Gigantic black hole chews up a star and scientists watch it for the first time
- Astronomers watch as Nasa telescope captures rare event
- Phenomenon only occurs once every 100million years
- Radiation from the event travelled for 3.9billion years before reaching Earth
One of the rarest events in the universe has been seen by scientists for the first time.
A stunning cosmic jet from a super-massive black hole which shredded then swallowed a star has been observed by astronomers. Known as 'relativistic jets', they can reach hundreds of thousands of light years in length.
The swallowing of a star by a black hole only happens once every one hundred million years in a galaxy.
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Stunning: This illustration shows plasma shooting out of the black hole after it devours a star. Such an event took place four billion light years from Earth
Swift's Ultraviolet/Optical (white, purple) and X-ray telescopes (yellow and red) showing the bursts
Most galaxies have super-massive black holes - regions of space that suck in everything nearby with their strong gravitation pull - at their core, with masses of millions or even billions of suns.
Scientists were first alerted to the phenomenon in March after Nasa's Swift telescope detected several bursts of X-rays from a quiet patch of sky.
Teams from both Pennsylvania State University and the Harvard-Smithsonian Center for Astrophysics in Cambridge, Massachusetts, said the bursts could be the remnants of a star pulled apart when it came too close to a black hole located 3.9billion light years away.
WHAT HAPPENS WHEN A STAR FALLS INTO A BLACK HOLE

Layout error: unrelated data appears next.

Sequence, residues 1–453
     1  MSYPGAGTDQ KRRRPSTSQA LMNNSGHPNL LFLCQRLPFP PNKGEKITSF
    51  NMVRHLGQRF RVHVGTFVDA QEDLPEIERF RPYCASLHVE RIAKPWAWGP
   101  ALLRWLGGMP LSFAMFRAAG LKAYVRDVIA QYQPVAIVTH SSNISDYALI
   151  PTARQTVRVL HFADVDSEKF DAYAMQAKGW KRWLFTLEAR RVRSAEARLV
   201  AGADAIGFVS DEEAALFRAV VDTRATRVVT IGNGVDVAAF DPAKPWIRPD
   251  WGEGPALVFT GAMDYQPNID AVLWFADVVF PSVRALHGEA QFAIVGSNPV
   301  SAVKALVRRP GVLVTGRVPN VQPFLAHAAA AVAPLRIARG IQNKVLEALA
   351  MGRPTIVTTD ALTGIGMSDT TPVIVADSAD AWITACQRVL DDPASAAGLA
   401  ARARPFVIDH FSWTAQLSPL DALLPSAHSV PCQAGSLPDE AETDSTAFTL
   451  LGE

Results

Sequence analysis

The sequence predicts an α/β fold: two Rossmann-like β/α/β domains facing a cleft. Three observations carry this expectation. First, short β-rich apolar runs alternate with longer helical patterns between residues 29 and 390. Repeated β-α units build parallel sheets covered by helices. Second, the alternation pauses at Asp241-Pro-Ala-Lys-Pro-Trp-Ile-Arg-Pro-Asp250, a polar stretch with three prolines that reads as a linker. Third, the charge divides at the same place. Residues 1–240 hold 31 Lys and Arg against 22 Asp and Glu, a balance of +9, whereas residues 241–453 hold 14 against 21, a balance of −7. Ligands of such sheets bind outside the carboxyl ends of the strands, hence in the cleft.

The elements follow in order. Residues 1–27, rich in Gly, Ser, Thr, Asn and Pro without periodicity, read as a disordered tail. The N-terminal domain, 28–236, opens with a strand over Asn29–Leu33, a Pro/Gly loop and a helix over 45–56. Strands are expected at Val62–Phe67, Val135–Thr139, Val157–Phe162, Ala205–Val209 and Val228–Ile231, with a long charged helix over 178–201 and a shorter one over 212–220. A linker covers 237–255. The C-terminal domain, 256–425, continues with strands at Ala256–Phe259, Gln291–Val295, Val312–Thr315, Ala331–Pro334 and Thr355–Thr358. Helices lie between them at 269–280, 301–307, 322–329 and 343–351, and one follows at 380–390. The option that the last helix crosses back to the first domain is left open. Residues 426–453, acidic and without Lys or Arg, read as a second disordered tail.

As a star falls toward a black hole, it is ripped apart by intense tides.
The gas is corralled into an accretion disk that swirls around the black hole and becomes rapidly heated to temperatures of millions of degrees.
The innermost gas in the disk spirals toward the black hole, where rapid motion and magnetism create dual, oppositely directed 'funnels' through which some particles may escape.
Jets driving matter at velocities greater than 90 percent the speed of light form along the black hole's spin axis.
In the case of Swift J1644+57, one of these jets happened to point straight at Earth.
Dr David Burrows, from Pennsylvania State University which controls Swift, said chemical analysis of the bright flash's ultraviolet light show it comes from material being sucked into a black hole the size of a million suns.
Writing in Nature, they concluded that the Swift satellite just happened to be in the path of the jet of star remains that were shot out at 99.5 per cent the speed of light.
Dr Burrows said: 'Incredibly, this source is still producing X-rays and may remain bright enough for the Swift satellite to observe into next year. It behaves unlike anything we've seen before.'
The black hole is now believed to be even more powerful because of the additional mass from the swallowed star.
The absorption of large mass such as stars or even other black holes is what gives black holes growth and spawn the existence of super-massive black holes.Super-massive black holes could contain up to billions of solar masses.
By comparison, the sun is just one solar mass and the Earth is 1/332,950th of a solar mass.
Black holes are probably the strangest cosmic phenomenon that we know about.
Their gravity is so strong that normal laws of physics just don't apply, with time actually slowing down at a black hole's event horizon - the point at which it would be impossible to escape its clutches.
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